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Front Page | In Depth | Politics
The Cabinet
 

Intro
Prime Minister
Prime Minister
Deputy Prime Minister
Deputy Prime Minister
Chancellor of the Exchequer
Chancellor of the Exchequer
Home Secretary
Home Secretary
Foreign Secretary
Foreign Secretary
Lord Chancellor
Lord Chancellor
Education Secretary
Education Secretary
Minister without Portfolio
Minister without Portfolio
Leader of the Commons
Leader of the Commons
Chief Whip
Chief Whip
Culture Secretary
Culture Secretary
Transport, Local Government and the Regions Secretary
Transport, Local Government and the Regions Secretary
International Development Secretary
International Development Secretary
Work and Pensions Secretary
Work and Pensions Secretary
Environment, Food and Rural Affairs Secretary
Environment, Food and Rural Affairs Secretary
Leader of the Lords
Leader of the Lords
Trade Secretary
Trade Secretary
Health Secretary
Health Secretary
Scottish Secretary
Scottish Secretary
Welsh Secretary
Welsh Secretary
Northern Ireland Secretary
Northern Ireland Secretary
Defence Secretary
Defence Secretary
Treasury Chief Secretary
Treasury Chief Secretary
 
PETER HAIN
Welsh Secretary

Peter Hain has long been a believer in direct political action - and is now one of a clutch of cabinet ministers who in younger days had the security services monitoring their activities. He first came to national prominence as a radical Young Liberal in the forefront of the campaign against apartheid in South Africa, where he lived until he was 16 and his activist family fled to Britain.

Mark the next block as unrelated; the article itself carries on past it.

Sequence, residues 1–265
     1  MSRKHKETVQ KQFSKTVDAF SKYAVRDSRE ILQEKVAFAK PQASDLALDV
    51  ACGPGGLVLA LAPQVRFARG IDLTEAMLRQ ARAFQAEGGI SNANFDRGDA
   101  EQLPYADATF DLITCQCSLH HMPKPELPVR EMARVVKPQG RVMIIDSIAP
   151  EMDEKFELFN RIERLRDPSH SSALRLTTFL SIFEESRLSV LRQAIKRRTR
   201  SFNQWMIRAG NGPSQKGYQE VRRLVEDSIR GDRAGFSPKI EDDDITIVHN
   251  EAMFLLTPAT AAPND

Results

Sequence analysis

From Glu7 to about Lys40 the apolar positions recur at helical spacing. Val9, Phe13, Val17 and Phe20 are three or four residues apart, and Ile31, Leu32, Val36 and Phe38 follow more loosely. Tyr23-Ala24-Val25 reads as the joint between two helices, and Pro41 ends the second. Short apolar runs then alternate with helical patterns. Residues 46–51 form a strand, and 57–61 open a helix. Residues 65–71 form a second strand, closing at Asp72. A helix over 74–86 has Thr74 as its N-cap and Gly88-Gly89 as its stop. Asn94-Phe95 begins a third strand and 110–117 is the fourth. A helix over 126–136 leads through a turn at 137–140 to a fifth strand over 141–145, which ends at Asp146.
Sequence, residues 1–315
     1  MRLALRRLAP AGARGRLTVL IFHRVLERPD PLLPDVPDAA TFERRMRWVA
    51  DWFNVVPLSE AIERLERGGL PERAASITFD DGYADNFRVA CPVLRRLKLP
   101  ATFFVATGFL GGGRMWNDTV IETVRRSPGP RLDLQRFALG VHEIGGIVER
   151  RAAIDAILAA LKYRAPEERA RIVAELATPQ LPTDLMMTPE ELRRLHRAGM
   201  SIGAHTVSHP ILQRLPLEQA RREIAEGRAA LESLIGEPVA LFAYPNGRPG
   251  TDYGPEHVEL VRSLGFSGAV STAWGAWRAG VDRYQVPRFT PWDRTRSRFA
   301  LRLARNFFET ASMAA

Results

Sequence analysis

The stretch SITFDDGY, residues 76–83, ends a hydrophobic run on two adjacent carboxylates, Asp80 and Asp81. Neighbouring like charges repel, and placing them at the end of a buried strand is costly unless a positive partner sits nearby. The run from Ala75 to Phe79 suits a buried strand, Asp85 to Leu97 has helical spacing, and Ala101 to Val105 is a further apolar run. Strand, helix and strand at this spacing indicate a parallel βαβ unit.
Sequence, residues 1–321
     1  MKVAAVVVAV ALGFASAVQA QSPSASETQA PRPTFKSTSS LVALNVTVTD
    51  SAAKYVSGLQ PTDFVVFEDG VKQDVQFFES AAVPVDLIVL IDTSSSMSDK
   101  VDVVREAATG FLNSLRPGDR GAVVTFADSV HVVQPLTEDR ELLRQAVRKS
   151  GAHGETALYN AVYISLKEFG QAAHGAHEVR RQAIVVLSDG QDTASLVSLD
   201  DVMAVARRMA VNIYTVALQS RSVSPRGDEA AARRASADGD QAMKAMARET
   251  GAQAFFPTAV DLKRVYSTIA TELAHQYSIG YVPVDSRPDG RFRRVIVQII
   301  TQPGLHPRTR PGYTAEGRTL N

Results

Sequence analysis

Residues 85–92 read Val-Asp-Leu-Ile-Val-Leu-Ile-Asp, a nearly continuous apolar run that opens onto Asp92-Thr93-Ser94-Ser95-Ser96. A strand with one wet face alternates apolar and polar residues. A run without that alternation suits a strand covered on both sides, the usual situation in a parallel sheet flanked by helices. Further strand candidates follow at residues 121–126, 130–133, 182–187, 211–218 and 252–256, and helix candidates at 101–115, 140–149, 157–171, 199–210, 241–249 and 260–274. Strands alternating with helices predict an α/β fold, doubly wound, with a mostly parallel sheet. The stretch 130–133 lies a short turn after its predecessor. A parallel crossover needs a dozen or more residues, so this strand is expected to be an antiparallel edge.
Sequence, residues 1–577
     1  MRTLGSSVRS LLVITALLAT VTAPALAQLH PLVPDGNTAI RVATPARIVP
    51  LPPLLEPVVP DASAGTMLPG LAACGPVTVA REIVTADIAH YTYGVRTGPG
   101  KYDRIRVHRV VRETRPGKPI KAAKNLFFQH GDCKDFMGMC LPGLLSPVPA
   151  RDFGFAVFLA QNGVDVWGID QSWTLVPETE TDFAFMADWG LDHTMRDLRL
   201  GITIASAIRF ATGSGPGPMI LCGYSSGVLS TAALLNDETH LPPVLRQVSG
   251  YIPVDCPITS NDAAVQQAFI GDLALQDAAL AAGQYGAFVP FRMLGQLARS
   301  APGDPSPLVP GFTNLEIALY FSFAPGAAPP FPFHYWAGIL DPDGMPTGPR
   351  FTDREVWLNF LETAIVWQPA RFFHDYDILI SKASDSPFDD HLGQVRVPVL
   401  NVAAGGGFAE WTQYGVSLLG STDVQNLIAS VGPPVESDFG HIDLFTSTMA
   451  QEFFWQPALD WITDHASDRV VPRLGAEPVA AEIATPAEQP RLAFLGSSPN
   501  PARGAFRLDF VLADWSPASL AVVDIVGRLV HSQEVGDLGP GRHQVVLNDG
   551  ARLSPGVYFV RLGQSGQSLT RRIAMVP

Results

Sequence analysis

Once here, he led the 1969/70 Stop the Seventy campaign to disrupt the South African cricket tour of the UK, and helped found the Anti-Nazi League in 1977 - the same year he moved over to Labour. He spent 15 years working as a political researcher for a trade union, entering the Commons at the 1991 Neath by-election.

In opposition, he was a whip and then shadow employment minister. But his Welsh seat meant that when Labour won office in 1997, his first government job was at the Welsh Office. From there, however, he moved on to the Foreign Office and then the Department for Trade & Industry.

After the 2001 election he was appointed Europe minister, in which role he sounded a pro-euro note that was a change from the more euro-wary tone of his earlier pronouncements on the issue.

 

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